There are moments in life when the heart is uplifted by such awe that it is difficult to speak. Such a moment happened for me at Coon’s Bluff in the Tonto National Forest.
As I wrote yesterday, Coon’s Bluff sits high above the Salt River and forested by mesquite trees creates an enchanting backdrop for Arizona’s wildlife. As this was our first visit to a natural area in Arizona, we approached wide-eyed and eager to explore. What we beheld was unexpected and beyond words: wild horses, lazing in the woods just off the main pathway.
I spotted the first laying just behind a low branch of a tree, his long white snout in beautiful contrast to his reddish coat. Then I realized there were more, some also laying down and some standing.
We approached cautiously, uncertain about the nature of wild horses, but apart from a few flicks of their tales, the horses didn’t seem to mind.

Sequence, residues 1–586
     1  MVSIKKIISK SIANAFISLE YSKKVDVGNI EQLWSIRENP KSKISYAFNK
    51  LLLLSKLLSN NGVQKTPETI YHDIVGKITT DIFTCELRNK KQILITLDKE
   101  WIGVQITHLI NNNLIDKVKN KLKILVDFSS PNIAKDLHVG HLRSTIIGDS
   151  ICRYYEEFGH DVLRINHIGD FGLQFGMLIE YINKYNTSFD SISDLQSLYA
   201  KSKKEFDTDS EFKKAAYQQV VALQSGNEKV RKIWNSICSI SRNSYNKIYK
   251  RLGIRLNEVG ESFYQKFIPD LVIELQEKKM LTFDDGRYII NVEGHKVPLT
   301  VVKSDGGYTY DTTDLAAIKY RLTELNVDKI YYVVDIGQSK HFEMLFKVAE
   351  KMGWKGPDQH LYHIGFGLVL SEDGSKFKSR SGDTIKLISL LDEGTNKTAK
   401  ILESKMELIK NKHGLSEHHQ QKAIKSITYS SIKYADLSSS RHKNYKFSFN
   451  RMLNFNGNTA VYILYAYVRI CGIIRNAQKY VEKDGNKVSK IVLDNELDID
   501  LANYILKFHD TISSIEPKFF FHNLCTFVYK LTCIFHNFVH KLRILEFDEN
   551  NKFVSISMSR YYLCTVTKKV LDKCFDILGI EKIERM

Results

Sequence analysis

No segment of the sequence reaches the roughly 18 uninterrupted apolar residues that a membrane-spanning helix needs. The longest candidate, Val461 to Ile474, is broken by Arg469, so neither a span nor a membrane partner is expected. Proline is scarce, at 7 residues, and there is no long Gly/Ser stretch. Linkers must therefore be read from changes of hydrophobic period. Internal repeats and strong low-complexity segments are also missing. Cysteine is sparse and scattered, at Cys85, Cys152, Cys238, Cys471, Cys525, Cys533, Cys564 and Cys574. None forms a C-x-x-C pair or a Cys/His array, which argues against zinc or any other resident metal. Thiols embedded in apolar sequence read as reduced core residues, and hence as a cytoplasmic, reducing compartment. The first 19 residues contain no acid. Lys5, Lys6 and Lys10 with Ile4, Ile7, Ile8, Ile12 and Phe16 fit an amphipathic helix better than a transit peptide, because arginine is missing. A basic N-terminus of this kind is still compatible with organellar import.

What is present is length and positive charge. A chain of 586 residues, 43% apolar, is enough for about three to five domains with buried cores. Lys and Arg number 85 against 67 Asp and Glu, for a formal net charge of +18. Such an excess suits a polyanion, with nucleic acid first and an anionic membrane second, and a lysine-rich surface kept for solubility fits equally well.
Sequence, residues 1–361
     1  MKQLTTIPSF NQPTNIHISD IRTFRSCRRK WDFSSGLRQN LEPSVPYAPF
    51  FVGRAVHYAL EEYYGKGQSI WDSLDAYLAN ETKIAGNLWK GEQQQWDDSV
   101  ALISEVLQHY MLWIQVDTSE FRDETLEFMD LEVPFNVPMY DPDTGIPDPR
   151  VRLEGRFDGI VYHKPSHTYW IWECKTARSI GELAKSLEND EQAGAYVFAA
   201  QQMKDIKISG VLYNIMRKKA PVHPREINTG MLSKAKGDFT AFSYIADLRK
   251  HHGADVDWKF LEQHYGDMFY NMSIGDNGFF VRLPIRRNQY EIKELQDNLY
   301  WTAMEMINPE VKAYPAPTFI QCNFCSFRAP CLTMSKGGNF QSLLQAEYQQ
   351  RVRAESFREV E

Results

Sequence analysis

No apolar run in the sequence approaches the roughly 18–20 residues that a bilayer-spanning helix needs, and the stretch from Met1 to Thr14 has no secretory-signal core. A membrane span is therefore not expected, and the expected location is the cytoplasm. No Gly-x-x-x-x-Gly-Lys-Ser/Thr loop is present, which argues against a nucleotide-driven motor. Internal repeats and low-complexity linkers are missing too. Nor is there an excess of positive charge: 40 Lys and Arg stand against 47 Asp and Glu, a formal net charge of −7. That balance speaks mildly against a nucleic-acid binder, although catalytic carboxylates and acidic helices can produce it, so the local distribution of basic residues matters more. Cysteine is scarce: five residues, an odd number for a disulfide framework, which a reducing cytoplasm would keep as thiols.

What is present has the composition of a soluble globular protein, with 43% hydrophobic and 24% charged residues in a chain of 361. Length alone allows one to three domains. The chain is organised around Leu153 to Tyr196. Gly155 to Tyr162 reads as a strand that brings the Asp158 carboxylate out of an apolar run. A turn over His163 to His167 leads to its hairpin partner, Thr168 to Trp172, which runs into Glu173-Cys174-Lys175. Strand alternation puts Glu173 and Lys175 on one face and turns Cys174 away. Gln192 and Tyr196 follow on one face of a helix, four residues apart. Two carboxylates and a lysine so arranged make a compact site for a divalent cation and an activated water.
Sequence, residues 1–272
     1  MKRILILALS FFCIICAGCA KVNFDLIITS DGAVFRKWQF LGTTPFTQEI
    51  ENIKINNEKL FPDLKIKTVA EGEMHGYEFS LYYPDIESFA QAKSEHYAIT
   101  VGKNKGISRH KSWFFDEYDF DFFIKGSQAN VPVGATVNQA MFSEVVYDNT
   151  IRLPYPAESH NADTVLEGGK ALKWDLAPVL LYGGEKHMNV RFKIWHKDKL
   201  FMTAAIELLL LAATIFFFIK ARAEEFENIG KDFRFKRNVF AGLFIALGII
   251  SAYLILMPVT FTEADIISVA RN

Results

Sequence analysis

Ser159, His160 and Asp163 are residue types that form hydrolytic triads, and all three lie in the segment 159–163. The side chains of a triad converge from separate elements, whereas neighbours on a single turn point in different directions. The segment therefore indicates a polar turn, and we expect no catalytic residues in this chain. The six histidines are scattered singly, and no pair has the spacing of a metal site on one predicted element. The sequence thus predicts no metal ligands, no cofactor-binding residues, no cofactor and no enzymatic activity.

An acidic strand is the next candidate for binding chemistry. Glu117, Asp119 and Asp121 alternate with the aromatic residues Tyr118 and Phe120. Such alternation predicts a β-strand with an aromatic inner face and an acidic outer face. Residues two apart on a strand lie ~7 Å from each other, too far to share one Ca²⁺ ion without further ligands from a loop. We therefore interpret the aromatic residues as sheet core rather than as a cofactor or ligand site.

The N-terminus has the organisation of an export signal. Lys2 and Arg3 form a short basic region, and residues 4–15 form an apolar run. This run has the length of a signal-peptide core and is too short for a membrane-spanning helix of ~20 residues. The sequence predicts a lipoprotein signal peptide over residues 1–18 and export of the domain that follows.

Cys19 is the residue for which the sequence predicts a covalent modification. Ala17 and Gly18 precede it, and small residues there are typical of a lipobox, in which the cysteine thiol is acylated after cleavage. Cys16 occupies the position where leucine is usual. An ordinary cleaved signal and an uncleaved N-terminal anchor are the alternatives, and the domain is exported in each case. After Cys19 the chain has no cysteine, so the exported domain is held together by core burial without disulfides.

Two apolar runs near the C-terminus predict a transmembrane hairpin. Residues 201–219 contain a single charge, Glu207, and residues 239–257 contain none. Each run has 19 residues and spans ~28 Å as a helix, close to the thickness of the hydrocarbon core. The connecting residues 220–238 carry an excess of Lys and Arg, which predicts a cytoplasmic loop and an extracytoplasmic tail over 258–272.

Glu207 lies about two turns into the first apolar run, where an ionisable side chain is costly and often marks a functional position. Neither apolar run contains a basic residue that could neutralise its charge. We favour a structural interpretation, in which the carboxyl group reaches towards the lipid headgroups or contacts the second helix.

And then I saw the mother and foal. The mother’s coat, so fair compared to the others, made me miss her at first, and as she was lying with her back to me, I didn’t see her young one until we had carefully skirted the scene. Respecting this sacred moment, we backed off, giving these majestic animals their space. Being in their presence felt somehow sacred.
The Salt River wild horses, as they are known, were once considered a nuisance to the area and in threat of being removed. A group of concerned citizens came together to preserve and protect the horses ensuring the population remains a local treasure. They even have their own Facebook page.
Oh, how I wish we had our granddaughters along to share in this moment. These gentle animals are powerful reminders of the need to have reverence for all creatures. I hope we are able to cross paths with them again before we leave.